have smooth bodies composed of thirteen segments including the head, which is
horny ; there is no proleg on the first segment as seen in Chironomus, and on the
anal segment are retractile gills. They are very active and live in the sap of various
trees which saturates diseased bark.

The pupae are smooth, but the abdominal segments bear a transverse row of
small spines. Austen describes a number of Culicoides and one Johannseniella and
three Ceratopogons from Africa, 1 and Lutz 2 a number of this sub-family from Brazil,

1 Bull, Ent. Res., 1912, iii, pp. 99-108.

Mem. Inst. Ostualdo Cruz, 1913, v , fasc. I, pp. 45-72, pis. 6-8: and 1914, vi, fasc. 2,
pp. 81-99.


including a new genus, Centrorhyncus. Another genus, Tersesthes, Townsend
(Centrotypus. Grass! ; Mycterotypus. Noe), also occurs in Brazil.

Culicoides ornatus, Taylor, is described from Townsville, Australia, found in
mangrove swamps. It is a very vicious biter and causes considerable irritation,
settling on hands and wrists (Taylor, Rep. Ent. Aust. Inst. Trop. Med. [1911],
1913, p. 24).

Family. Psychodidae (Owl Midges).

This family of diptera is of considerable importance, not only on account of the
blood-sucking habits of some species, but especially on account of one at least having
been proved to be the carrying agent of " papataci " fever, a three-day fever very
prevalent in Malta and several parts of Southern Europe in the autumn.

It is also possible that these small flies are connected with the formation of
41 Delhi boil," caused by a protozoan parasite.

Psychodidce are all very small flies, many of which have a moth-like appearance,
and owing to their fluffy nature are spoken of in Britain as "owl flies," sometimes
also as " window flies." Their bodies and wings are covered with hairs, densely in
some (sub-family Psychodina\ and in a few with patches of flat squamae. In the non-
blood-sucking Psychodince the wings are carried in a peculiar manner downwards
over the body, to a slight extent resembling the Hepialidce, or swift moths. The

FIG. 404. An owl midge, Phlebotojmis sp. Greatly enlarged.
(From Giles's "Gnats or Mosquitoes.")

wings may be ovoid or lanceolate, and have a marked venation as seen in the figure.
The proboscis is short and non-suctorial in the majority of genera, but in the sub-
family Phlebotomin<z it is elongated and hard. The antennas are long and of sixteen
segments, and bear whorls of fine hair.

There are two sub-families, Psychodince and Phlebotomince ; in the former the
mouth is not suctorial ; the female has a horny ovipositor and the second longitu-
dinal vein is branched at the root of the wing ; in the second sub-family the proboscis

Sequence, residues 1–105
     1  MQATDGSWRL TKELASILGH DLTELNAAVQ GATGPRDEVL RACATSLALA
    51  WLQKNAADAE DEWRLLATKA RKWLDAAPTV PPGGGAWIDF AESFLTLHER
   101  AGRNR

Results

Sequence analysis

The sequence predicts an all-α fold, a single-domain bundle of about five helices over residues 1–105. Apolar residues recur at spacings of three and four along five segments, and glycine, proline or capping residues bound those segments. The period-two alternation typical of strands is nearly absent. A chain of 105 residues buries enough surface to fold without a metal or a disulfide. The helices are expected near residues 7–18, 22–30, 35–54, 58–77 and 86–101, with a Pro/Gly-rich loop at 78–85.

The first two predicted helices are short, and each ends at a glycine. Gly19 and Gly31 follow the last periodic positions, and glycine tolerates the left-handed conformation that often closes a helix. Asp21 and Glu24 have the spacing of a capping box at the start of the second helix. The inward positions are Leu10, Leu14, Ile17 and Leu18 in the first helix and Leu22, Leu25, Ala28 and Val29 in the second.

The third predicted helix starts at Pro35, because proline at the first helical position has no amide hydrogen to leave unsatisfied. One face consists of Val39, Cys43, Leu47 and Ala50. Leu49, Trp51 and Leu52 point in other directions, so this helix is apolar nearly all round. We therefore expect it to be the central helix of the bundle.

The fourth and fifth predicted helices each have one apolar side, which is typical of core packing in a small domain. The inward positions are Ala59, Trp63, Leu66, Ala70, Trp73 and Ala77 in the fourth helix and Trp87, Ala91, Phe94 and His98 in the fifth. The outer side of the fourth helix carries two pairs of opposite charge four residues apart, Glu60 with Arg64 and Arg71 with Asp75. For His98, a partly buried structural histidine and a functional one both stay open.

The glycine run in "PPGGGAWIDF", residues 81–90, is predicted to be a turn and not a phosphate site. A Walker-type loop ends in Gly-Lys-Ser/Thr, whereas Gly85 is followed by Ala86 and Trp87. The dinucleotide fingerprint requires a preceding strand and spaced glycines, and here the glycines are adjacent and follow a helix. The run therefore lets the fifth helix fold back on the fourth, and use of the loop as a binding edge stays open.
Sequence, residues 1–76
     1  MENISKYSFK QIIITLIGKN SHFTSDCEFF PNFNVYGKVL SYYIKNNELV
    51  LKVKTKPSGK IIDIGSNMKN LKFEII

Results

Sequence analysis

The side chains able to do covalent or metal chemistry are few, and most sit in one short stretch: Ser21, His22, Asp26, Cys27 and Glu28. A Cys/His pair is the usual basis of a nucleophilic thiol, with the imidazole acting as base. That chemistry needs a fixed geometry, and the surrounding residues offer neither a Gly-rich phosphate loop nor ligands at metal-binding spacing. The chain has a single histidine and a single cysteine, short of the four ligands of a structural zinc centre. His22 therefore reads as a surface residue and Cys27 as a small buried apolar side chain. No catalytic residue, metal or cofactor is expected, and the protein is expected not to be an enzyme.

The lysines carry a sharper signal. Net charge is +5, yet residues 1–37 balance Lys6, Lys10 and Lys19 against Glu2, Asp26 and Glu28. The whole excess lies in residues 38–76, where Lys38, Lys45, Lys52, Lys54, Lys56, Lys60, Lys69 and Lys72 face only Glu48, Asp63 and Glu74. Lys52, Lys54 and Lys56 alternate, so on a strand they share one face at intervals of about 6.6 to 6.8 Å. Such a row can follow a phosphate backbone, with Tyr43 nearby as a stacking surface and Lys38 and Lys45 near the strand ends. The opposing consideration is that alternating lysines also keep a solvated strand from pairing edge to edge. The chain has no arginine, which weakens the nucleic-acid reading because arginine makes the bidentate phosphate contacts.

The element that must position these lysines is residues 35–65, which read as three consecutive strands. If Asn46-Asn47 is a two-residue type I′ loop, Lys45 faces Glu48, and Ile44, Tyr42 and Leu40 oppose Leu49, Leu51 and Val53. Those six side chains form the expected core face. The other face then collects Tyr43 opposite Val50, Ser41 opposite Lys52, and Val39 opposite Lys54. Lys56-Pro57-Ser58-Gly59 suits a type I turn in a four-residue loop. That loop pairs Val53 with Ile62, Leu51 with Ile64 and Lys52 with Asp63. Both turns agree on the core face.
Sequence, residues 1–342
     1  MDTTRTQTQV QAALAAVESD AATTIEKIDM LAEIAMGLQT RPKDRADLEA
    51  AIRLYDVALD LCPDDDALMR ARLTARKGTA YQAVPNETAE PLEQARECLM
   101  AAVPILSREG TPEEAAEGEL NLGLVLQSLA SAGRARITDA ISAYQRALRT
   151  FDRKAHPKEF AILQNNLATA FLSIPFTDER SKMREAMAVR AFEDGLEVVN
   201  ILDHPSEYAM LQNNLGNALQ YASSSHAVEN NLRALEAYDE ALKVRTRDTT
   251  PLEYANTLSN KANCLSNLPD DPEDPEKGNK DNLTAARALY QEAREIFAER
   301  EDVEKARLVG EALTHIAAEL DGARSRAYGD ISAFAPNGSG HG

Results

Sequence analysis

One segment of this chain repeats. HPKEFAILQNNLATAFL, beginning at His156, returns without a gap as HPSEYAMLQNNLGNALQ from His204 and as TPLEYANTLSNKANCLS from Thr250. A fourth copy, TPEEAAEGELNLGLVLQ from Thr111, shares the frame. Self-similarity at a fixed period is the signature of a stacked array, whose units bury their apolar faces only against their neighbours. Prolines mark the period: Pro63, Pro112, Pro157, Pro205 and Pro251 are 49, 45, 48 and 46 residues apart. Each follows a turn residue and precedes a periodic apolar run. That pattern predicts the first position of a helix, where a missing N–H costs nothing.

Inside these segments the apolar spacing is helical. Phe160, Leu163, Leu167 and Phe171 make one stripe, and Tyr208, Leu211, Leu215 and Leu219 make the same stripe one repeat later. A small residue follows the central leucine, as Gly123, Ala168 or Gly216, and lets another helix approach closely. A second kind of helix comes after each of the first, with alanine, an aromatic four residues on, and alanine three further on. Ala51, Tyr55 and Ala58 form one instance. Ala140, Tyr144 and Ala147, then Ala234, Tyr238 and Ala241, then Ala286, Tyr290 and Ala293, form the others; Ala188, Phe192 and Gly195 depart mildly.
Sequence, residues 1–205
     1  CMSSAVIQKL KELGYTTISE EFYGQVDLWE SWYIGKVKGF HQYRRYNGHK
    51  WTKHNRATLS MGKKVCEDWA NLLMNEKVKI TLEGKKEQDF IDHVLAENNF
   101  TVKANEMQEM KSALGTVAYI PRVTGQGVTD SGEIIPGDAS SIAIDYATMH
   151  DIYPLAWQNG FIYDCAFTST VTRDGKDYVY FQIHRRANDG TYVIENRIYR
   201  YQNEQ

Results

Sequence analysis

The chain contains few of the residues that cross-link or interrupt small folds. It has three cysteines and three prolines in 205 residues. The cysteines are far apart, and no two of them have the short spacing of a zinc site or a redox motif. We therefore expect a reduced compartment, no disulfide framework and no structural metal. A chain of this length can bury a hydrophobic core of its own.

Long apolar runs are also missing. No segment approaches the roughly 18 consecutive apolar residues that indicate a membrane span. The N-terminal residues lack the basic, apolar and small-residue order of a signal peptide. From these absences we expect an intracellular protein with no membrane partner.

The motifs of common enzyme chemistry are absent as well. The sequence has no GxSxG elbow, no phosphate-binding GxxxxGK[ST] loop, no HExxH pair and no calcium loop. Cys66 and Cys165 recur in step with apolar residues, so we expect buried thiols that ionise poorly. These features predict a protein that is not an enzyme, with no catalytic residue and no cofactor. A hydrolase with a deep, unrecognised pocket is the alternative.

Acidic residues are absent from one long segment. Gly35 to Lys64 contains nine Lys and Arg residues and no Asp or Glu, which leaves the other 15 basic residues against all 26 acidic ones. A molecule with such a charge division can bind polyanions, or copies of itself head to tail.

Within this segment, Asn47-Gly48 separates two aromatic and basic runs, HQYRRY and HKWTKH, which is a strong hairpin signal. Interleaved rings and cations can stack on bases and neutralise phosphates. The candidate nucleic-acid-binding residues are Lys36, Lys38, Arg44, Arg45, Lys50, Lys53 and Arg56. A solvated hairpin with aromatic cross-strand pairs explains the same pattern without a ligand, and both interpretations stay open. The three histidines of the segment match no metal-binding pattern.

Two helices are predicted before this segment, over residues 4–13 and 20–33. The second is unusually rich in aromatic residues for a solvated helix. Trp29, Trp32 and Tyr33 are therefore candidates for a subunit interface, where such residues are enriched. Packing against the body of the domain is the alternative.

may be formed for sucking, the female has no horny ovipositor, and the second long
vein has its first fork near the middle of the wing.

The sub-family Phlebolomina contains the genus Phlebotomus, which occurs in
South Europe, South Asia, Africa, North and South tropical America. They are
all small grey, brown, or dull yellow-coloured flies, and carry their wings when at rest
upwards like a butterfly. The proboscis is moderately long and the legs long and thin.

The females are most vicious blood-suckers, but in some species anyhow the


males also bite (P. duboscii). They are mainly nocturnal feeders and hide away-
daring the day in any dark corners or crevices.

The life-cycle has been worked out by Newstead 1 and Grass! 9 in Europe, and
by Hewlett 3 in India.

The larvae have been found in crevices in rocks and caves, in dirty cellars, and
dark damp places containing rubbish, and are also said to live in crevices in the
walls of privies and cesspits.

The minute larva is very marked ; as figured by Newstead it has two long chaetse
projecting upwards, in some stages branched, in others simple, and on the seg-
ments a few blunt spine-like processes. The pupae are found in similar situations.
The ova are very minute, elongate, translucent white, and covered with a thin coating
of viscous matter when first laid ; soon after they become dark brown, shiny, with
long black wavy lines. Newstead found the incubation period in Malta to last for
about nine days in P.papatacii. Five species are known in Europe, five in Africa, 4
two in North America, and eight are described by Annandale 5 in the Oriental region.
Lutz and Neiva have described three species from Brazil 6 (P. longipalpis, inter-
inediits and squawiveniris},

Brachycera (Flies).

The antennae as a rule have three segments, and are usually shorter than the head.
The first segment of the antennas is frequently very small, and the third one is gener-
ally the largest, and sometimes possesses a terminal annulated bristle. The palpi have
from one to three segments ; the mandibles are covered by the labium. The three
thoracic rings are coalesced ; wings are almost always present, the posterior ones
being rudimentary and covered with a little scale. From the ova legless maggots